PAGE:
August 2nd, 2002, 04:25 AM
Wordmonger once bubbled...
This argument has never made any sense to me and here is why. When a person takes meds -- any meds, not just sinus meds -- the objective is to "stay on top" of the meds, which means to take a pill every X hours. Now, unless one is on a really long dive -- as in hours, which is pretty unlikely -- how would the med wear off?
Hi Wendy, Wordmonger et al,
Can I just add a bit more to this thread?
The effects of almost all medication "wears off" in time. This is why patients have to keep taking their tablets. The vast majority are excreted by the liver, or by the kidneys in proportion to their concentrations, so they have half times just like dissolved gasses.
From my perspective there are two main considerations with diving and medication.
The first is the severity of the condition being treated is far more important that the effects and side effects of the medication taken to treat it. For example the long term damage caused by hypertension includes heart failure and an increased risks of heart attack and stroke so hypertension must be controlled in any diver and it would be a very foolish diver indeed to stop his medication for a dive because of any risks of side effects.
The second is when treating minor conditions such as nasal congestion with remedies such as sudafed, where you are treating the symptoms and not the cause. Thus if such remedies are used (they are not really treatments) there seems little point in taking them too early as the effects obviously wear off with time. In general, as I understand it, few divers have problems with with "reverse block" on ascent as the higher pressure air in the nasal cavities and the middle ear can (more) easily escape. The majority only have problems on the way down so in the case of sudafed, in my opinion, any wearing off effect is irrelevant.
On the other hand, for any medication to be effective it must be taken at the right time to acheive therapeutic levels at the target organ. This is when it also produces its more general side effects. (and why I personally prefer locally acting agents such as xylometzolone.)
So. Sudafed does indeed work and is reasonably safe with respect to CNS excitability but like all drugs should not be abused and only used when needed. Also as Iain said before "If I was taking this medication I would not dive to the maximum PO2 for the EAN mix I was using, but rather dive more conservatively". I doubt we will ever have any scientific studies to cofirm what appears to be simple common sense.
In fact pseudoephedrine stops working at all after only a few days continuous treatment which is when some patients actually get a rebound effect with a severely running nose, streaming eyes etc.
Hope this helps.
August 2nd, 2002, 03:21 PM
Dear Becky and Readers:
Concerning the issue, “Why do we not have scientific data on this topic?”
Recreational activities are not high on the list of national health issues. It is probably considered a minor problem even for those involved. It is certainly an elective activity.
Governments are more interested in problems associated with cancer, stoke, and cardiovascular disease. Sometimes, political action groups will influence priorities beyond their actual general medical importance.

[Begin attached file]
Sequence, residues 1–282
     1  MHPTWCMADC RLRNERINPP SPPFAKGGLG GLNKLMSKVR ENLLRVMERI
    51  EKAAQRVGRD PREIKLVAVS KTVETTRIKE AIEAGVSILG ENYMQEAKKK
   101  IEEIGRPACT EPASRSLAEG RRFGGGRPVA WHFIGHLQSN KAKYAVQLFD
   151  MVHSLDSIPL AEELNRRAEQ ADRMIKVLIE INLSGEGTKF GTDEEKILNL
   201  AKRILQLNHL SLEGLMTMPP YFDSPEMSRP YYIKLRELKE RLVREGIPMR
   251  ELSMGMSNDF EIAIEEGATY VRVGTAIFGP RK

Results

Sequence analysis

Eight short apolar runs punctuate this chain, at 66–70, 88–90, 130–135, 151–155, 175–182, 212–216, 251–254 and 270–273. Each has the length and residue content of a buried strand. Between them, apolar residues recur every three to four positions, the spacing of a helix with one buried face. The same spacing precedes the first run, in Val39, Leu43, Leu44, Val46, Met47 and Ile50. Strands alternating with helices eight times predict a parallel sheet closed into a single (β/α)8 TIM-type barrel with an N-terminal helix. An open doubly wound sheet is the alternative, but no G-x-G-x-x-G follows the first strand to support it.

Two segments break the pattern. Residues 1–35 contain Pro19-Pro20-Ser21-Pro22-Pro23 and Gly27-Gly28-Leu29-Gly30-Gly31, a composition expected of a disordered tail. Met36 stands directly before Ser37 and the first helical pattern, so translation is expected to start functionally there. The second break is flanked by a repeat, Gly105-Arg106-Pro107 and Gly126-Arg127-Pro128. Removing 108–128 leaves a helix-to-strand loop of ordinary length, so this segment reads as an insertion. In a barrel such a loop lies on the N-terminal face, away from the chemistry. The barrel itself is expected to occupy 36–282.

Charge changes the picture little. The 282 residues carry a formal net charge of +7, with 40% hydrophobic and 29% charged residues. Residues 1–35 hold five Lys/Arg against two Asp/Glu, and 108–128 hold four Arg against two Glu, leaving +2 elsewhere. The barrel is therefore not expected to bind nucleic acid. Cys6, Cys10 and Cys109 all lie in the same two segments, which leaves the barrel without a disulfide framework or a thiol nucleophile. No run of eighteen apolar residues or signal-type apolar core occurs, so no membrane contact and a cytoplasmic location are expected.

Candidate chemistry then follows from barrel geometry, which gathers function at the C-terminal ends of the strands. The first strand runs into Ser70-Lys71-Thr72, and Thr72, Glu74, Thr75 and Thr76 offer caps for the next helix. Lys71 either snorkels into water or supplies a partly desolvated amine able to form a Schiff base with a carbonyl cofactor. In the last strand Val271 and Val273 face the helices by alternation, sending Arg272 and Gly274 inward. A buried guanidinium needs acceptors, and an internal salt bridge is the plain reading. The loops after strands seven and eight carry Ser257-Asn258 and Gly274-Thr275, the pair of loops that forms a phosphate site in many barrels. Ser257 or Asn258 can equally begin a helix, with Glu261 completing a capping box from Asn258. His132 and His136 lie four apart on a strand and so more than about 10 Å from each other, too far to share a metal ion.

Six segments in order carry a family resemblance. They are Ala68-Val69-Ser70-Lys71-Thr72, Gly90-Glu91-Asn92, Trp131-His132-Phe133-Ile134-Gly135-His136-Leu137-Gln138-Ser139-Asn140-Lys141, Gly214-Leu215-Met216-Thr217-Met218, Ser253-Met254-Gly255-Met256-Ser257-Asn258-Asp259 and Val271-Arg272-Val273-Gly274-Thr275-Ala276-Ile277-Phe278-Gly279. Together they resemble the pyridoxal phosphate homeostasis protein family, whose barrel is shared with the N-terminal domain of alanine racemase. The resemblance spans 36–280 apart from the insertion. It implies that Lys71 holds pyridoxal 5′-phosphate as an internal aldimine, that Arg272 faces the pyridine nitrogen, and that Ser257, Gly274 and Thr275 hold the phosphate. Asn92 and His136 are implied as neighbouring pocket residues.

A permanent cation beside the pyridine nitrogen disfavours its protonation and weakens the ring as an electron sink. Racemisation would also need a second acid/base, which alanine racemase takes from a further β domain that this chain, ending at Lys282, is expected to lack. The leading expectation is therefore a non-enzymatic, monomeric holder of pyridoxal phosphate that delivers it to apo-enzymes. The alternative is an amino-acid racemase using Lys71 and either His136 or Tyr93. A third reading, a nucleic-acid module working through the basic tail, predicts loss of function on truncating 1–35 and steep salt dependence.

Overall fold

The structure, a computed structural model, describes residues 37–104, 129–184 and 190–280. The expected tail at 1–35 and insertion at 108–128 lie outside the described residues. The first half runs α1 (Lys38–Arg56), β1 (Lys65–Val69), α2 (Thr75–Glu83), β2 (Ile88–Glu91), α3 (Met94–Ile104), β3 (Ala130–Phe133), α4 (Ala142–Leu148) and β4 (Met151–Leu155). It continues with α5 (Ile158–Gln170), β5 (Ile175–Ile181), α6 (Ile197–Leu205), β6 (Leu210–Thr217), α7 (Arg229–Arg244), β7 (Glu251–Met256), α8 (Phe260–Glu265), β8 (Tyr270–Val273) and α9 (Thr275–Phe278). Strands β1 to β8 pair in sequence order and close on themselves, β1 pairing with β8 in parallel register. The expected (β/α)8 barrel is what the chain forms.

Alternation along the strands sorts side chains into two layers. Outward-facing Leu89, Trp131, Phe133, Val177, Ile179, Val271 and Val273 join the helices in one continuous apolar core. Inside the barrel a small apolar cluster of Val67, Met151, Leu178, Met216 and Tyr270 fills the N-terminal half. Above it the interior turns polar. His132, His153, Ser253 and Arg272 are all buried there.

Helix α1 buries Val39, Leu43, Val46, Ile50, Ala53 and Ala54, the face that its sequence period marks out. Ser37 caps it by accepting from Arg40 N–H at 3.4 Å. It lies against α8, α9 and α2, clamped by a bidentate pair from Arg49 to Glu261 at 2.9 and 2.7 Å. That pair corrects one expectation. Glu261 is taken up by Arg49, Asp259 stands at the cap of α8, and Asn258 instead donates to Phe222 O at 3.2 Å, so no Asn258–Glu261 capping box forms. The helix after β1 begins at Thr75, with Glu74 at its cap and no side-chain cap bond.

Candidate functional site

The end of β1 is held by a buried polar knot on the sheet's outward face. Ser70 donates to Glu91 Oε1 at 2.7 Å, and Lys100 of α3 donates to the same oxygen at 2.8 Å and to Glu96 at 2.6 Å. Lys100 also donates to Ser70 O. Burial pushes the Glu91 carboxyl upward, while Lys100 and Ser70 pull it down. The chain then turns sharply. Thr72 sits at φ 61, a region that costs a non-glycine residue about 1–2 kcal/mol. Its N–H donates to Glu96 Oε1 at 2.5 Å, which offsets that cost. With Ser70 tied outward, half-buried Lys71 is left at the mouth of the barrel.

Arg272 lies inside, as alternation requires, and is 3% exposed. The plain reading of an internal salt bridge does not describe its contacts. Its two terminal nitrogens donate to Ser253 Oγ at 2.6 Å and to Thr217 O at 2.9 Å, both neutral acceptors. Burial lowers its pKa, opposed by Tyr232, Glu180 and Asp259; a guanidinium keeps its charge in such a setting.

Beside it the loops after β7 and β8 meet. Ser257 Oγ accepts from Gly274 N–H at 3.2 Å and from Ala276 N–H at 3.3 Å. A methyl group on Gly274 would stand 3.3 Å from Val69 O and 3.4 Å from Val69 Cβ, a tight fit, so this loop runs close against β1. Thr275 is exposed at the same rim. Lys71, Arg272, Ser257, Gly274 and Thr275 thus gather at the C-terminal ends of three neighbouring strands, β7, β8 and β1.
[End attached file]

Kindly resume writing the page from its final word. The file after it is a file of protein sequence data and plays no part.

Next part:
There is only so much money, and research is not necessarily cheap. Research with graduate students will be less costly (on a per year basis), but can require more years because of inexperience. Additionally, few graduate students are in this field, since there is no future (that is, monetary returns) for someone with an advanced degree in barophysiology.
Research is largely funded by competitive proposal submitted by scientists. For better or for worse, “organ systems physiology” has not been an “in” topic for the past several decades. We are in the area of molecular biology. Barophysiology, being more of an “organ” discipline, is not looked upon with much favor by the general scientific establishment. We are sort of dinosaurs in the scientific world.
Human Subjects Research
Even if funding was available for studies such as Sudafed and CNS toxicity, such studies are not easily performed under conditions as they currently exist. In this case I am speaking of legal concerns. I have had numerous arguments with individuals at NASA who did not wish to approve a study, but were not concerned that it could occur in space (where an individual could not easily be treated). It is a case of, “On whose watch does it occur.”
These are not uncommon but are not considered to be of tremendous value. It can give you some idea, but you do not know how representative it is. For example, let us say you wish to determine the experience of divers with Sudafed. You cannot send a letter to all 2 million recreational divers, so you send a survey form to 5,000. Typically you will get back 10% or 20% of these. Why did the other not return the forms? Did nothing happen? Did they not use the drug? Did they have a bad experience and were reluctant to acknowledge their poor judgment (“in denial”)? Did only the very worst cases respond?
From a survey, you are not sure what you have when you are finished. Naturally, some information is (probably) better than nothing. This is, however, what you have in the PADI book. It is “anecdotal” information, garnered from comments made by scientists and divers around the country. They print it, I guess, because it is better than nothing, but it is not necessarily backed by good data.
Dr Deco :doctor:
August 5th, 2002, 07:44 AM
I would love to see much more research into CNS oxygen toxicity itself as this is an area that is very poorly understood.